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7 definitions found

From: DICT.TW English-Chinese Dictionary 英漢字典

 thin /ˈθɪn/

From: Network Terminology


From: Webster's Revised Unabridged Dictionary (1913)

 Thin a. [Compar. Thiner superl. Thinest.]
 1. Having little thickness or extent from one surface to its opposite; as, a thin plate of metal; thin paper; a thin board; a thin covering.
 2. Rare; not dense or thick; -- applied to fluids or soft mixtures; as, thin blood; thin broth; thin air.
    In the day, when the air is more thin.   --Bacon.
 Satan, bowing low
 His gray dissimulation, disappeared,
 Into thin air diffused.   --Milton.
 3. Not close; not crowded; not filling the space; not having the individuals of which the thing is composed in a close or compact state; hence, not abundant; as, the trees of a forest are thin; the corn or grass is thin.
    Ferrara is very large, but extremely thin of people.   --Addison.
 4. Not full or well grown; wanting in plumpness.
    Seven thin ears . . . blasted with the east wind.   --Gen. xli. 6.
 5. Not stout; slim; slender; lean; gaunt; as, a person becomes thin by disease.
 6. Wanting in body or volume; small; feeble; not full.
    Thin, hollow sounds, and lamentable screams.   --Dryden.
 7. Slight; small; slender; flimsy; wanting substance or depth or force; superficial; inadequate; not sufficient for a covering; as, a thin disguise.
    My tale is done, for my wit is but thin.   --Chaucer.
 Note:Thin is used in the formation of compounds which are mostly self-explaining; as, thin-faced, thin-lipped, thin-peopled, thin-shelled, and the like.
 Thin section. See under Section.

From: Webster's Revised Unabridged Dictionary (1913)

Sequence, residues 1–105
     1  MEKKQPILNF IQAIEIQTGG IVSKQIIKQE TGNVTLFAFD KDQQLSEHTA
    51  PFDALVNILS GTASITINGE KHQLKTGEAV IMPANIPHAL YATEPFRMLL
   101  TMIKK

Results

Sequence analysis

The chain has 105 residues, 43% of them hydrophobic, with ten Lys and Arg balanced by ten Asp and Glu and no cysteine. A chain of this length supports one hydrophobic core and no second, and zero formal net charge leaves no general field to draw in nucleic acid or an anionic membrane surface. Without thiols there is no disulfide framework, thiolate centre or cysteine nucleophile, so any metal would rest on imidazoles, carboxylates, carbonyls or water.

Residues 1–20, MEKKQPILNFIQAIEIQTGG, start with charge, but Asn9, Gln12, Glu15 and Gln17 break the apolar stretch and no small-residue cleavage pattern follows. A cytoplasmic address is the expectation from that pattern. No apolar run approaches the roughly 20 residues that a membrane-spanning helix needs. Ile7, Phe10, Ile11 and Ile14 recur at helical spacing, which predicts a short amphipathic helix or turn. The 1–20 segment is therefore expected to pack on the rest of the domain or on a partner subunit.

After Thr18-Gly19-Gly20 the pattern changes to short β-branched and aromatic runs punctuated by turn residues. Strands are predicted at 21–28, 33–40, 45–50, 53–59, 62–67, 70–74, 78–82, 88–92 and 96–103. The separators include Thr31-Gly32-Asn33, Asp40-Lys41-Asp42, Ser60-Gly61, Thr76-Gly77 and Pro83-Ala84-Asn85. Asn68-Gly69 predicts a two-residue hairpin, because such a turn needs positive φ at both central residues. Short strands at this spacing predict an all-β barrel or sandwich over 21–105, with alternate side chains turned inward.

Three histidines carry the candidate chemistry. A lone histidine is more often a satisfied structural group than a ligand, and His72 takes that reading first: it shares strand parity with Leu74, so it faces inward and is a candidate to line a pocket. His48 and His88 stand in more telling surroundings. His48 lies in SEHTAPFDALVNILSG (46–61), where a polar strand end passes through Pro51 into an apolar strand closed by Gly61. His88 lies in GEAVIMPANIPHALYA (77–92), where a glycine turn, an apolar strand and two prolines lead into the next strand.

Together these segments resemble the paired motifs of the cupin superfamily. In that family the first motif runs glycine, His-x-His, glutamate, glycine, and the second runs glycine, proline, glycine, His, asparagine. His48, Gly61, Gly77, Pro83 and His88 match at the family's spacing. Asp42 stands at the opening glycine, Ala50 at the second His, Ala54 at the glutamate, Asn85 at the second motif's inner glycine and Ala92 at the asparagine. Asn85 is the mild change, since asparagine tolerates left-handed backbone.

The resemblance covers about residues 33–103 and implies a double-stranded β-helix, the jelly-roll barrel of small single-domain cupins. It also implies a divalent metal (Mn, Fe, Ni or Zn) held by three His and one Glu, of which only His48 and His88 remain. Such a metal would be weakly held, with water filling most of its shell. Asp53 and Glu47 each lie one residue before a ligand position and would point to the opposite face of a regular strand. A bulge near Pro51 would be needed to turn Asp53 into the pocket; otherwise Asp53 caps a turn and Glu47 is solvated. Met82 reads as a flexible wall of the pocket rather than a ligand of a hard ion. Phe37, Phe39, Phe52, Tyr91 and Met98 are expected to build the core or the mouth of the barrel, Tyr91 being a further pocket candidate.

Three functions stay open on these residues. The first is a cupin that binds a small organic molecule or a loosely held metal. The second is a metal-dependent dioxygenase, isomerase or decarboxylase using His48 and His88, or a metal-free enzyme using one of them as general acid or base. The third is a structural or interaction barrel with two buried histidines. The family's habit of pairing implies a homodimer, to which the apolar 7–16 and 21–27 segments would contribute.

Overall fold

Thin, adv. Not thickly or closely; in a seattered state; as, seed sown thin.
    Spain is thin sown of people.   --Bacon.

From: Webster's Revised Unabridged Dictionary (1913)

 Thin, v. t. [imp. & p. p. Thinned p. pr. & vb. n. Thinning.]  To make thin (in any of the senses of the adjective).

From: Webster's Revised Unabridged Dictionary (1913)

 Thin, v. i. To grow or become thin; -- used with some adverbs, as out, away, etc.; as, geological strata thin out, i. e., gradually diminish in thickness until they disappear.

From: WordNet (r) 2.0

      adj 1: of relatively small extent from one surface to the opposite
             or in cross section; "thin wire"; "a thin chiffon
             blouse"; "a thin book"; "a thin layer of paint" [ant:
      2: lacking excess flesh; "you can't be too rich or too thin";
         "Yon Cassius has a lean and hungry look"-Shakespeare [syn:
          lean] [ant: fat]
      3: very narrow; "a thin line across the page" [syn: slender]
      4: having little substance or significance; "a flimsy excuse";
         "slight evidence"; "a tenuous argument"; "a thin plot"
         [syn: flimsy, slight, tenuous]
      5: not dense; "a thin beard"; "trees were sparse" [syn: sparse]
      6: relatively thin in consistency or low in density; not
         viscous; "air is thin at high altitudes"; "a thin soup";
         "skimmed milk is much thinner than whole milk"; "thin oil"
         [ant: thick]
      7: (of sound) lacking resonance or volume; "a thin feeble cry"
         [ant: full]
      8: lacking spirit or sincere effort; "a thin smile"
      adv : without viscosity; "the blood was flowing thin" [syn: thinly]
            [ant: thickly]
      v 1: lose thickness; become thin or thinner [ant: thicken]
      2: make thin or thinner; "Thin the solution" [ant: thicken]
      3: lessen the strength or flavor of a solution or mixture; "cut
         bourbon" [syn: dilute, thin out, reduce, cut]
      4: take off weight [syn: reduce, melt off, lose weight, slim,
          slenderize, slim down] [ant: gain]
      [also: thinning, thinned, thinnest, thinner]